Do you picture cowboys, cattle, and cactus when you think about Austin, Texas? If so, consider instead how we Austinites see our hometown:
Live Music Capital of the World and home to PBS’s long-running “Austin City Limits” concert series. Stevie Ray Vaughan, Willie Nelson, the Dixie Chicks, Spoon, Shawn Colvin, Fastball, Janis Joplin and many other musicians have called Austin home, and great live music can be heard any night of the week in the clubs downtown.
Gateway to the beautiful Texas Hill Country, a rolling landscape of oaks and junipers, carpeted in the spring with bluebonnets and other native wildflowers. Its picturesque towns founded in the 1800s by German and Czech immigrants attract day-trippers from Austin and elsewhere.
Home to the largest urban bat colony in the world. 1.5 million Mexican free-tailed bats make their home under the Congress Avenue Bridge downtown, attracting hundreds of human visitors (like the ones pictured above) who congregate on summer evenings to watch the bats emerge over Lady Bird Lake.
The capitol city, with a conservative state leadership often at odds with a liberal city government and citizenry.
Keep Austin Weird. What began as a slogan to encourage people to patronize local businesses instead of national chain stores has been adopted by Austin’s citizens to sum up the city’s quirky festivals, fun-loving attitude, and casual ambience. Annual festivals like Batfest, Spamarama (a celebration of potted pork), and Eeyore’s Birthday Party (hippie celebration) keep the weirdness alive.
Eco-minded city dedicated to protecting one of its greatest assets, its natural beauty, as it undergoes tremendous growth. Citizens and (usually) City Hall are always ready for battle to protect Austin’s spring-fed swimming holes like Barton Springs Pool, its limestone aquifer, endangered animal species, and extensive urban tree canopy.
University of Texas Tower. Photo by mikekinol, courtesy of morgueFile.
“Silicon Hills,” home to numerous high-tech companies including Dell (and its lucky employee-stockholders, the Dellionaires) as well as the University of Texas, where 50,000 students descend on the city each fall and whose Saturday football games draw thousands of burnt-orange-clad Longhorn fans.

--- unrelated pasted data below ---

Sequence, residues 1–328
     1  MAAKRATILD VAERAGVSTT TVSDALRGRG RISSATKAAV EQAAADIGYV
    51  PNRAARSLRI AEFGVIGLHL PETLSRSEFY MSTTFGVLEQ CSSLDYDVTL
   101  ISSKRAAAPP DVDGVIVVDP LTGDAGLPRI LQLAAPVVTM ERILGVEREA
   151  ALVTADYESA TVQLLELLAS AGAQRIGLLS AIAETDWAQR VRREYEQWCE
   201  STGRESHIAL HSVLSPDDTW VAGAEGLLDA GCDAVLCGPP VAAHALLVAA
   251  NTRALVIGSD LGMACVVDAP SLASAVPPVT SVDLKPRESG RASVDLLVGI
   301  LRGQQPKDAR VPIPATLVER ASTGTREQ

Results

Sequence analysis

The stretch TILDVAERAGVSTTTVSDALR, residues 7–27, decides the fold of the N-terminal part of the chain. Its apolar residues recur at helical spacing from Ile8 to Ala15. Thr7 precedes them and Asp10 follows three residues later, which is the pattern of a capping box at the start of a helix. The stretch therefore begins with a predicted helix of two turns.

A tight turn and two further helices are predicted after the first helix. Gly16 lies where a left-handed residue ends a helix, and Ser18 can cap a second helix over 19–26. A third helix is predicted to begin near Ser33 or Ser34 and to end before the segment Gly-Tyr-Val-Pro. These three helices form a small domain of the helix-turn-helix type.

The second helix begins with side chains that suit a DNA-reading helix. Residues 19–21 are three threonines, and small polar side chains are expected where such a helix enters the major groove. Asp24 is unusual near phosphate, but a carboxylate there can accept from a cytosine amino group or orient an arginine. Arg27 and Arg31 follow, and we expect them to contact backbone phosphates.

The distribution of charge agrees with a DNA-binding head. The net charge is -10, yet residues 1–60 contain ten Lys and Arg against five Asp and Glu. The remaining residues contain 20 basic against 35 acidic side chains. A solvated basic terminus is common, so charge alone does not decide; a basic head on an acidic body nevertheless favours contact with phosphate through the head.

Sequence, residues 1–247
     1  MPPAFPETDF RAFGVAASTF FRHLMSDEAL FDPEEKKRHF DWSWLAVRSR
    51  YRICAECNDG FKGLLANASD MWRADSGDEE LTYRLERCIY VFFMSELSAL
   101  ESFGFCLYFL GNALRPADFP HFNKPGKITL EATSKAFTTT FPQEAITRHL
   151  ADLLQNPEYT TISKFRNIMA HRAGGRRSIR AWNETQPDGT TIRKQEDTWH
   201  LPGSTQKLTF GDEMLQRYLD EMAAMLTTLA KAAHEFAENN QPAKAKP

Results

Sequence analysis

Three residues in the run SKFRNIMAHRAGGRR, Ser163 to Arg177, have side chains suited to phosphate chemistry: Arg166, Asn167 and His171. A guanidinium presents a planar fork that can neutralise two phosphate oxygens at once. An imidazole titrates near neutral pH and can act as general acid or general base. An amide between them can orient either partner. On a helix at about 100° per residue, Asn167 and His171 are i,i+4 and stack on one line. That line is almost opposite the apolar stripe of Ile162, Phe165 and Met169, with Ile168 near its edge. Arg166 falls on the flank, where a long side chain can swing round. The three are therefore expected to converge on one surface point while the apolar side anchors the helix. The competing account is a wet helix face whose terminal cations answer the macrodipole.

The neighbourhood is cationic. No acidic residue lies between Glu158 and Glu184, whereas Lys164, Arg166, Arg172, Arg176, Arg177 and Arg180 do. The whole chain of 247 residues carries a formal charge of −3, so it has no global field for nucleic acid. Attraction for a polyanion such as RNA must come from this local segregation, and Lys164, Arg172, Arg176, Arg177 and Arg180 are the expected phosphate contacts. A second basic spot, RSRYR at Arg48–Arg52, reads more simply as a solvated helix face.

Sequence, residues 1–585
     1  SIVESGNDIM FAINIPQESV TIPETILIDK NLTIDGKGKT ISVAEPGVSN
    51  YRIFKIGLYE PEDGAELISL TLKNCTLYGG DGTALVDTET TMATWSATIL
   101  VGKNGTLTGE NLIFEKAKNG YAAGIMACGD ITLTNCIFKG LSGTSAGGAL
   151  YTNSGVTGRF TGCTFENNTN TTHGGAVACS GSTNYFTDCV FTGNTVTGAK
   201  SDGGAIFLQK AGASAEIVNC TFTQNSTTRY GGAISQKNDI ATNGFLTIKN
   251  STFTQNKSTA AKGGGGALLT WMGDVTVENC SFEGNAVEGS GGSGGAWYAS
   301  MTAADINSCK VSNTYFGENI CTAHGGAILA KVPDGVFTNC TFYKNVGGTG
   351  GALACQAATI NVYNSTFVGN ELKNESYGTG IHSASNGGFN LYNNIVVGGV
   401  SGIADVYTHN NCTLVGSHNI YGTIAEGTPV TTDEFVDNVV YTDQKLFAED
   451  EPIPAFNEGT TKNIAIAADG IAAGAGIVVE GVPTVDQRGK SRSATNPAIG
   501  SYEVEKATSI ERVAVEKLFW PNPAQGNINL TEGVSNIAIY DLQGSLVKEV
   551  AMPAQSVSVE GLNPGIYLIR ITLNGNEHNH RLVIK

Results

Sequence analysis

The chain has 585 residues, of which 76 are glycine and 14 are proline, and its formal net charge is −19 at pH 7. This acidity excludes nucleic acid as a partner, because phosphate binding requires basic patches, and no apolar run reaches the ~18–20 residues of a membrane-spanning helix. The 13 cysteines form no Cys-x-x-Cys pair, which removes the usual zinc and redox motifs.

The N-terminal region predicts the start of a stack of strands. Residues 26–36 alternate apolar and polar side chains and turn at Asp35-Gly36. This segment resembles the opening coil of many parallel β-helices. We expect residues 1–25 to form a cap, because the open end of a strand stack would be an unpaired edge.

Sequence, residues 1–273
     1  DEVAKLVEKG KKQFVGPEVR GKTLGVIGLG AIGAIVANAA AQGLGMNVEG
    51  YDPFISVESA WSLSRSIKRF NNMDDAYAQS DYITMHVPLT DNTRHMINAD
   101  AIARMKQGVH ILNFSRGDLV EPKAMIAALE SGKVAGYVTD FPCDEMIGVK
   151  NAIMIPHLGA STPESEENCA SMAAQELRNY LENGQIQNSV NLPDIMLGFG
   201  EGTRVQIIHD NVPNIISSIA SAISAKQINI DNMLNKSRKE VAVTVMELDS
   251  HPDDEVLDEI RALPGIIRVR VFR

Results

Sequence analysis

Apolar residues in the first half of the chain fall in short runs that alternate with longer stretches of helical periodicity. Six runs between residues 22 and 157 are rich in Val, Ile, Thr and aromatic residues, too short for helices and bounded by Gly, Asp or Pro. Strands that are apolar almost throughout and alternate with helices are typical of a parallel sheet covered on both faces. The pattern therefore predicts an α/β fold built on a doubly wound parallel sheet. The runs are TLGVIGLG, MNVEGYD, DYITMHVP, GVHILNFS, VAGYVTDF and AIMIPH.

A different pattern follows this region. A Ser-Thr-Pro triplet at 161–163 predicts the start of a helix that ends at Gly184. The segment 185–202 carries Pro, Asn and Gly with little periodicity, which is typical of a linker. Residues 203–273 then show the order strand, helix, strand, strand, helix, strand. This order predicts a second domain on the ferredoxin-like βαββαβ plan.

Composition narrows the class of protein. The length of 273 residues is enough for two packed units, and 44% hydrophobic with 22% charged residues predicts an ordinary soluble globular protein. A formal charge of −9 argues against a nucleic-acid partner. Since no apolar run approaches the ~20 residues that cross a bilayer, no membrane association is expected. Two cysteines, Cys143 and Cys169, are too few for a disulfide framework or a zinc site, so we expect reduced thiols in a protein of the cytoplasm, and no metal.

Known as the River City thanks to the Colorado River, which flows through Austin on the southern edge of downtown. Called Lady Bird Lake (formerly Town Lake), it still looks like a river and has a pretty good current even though it is dammed and therefore technically a lake. Just west of town is Lake Austin, and a little farther west is Lake Travis, a deep, green lake edged with limestone bluffs that attracts throngs of summer visitors. These are all part of the chain of Highland Lakes, a series of man-made lakes winding through the Hill Country.
Home to a small but thriving film industry and South by Southwest (SXSW), a hugely popular music, film, and interactive conference and festival that takes over Austin each March. Movies are frequently filmed here, and star sightings are common on funky, newly hip South Congress Avenue and in downtown bars, clubs, and restaurants, including sometime residents Matthew McConaughey, Sandra Bullock, and Dennis Quaid.
Photo by Cynthia P.
Last but not least, Austin is home to a large number of garden bloggers (20 by my count), who invite you to their hometown on April 5 for the Garden Bloggers Spring Fling. All garden bloggers are welcome. We’d love to show you some of our favorite places in Austin.
This is my post about Austin for Jodi’s Garden Bloggers Geography Project. Check back with her for other bloggers’ posts about their hometowns.
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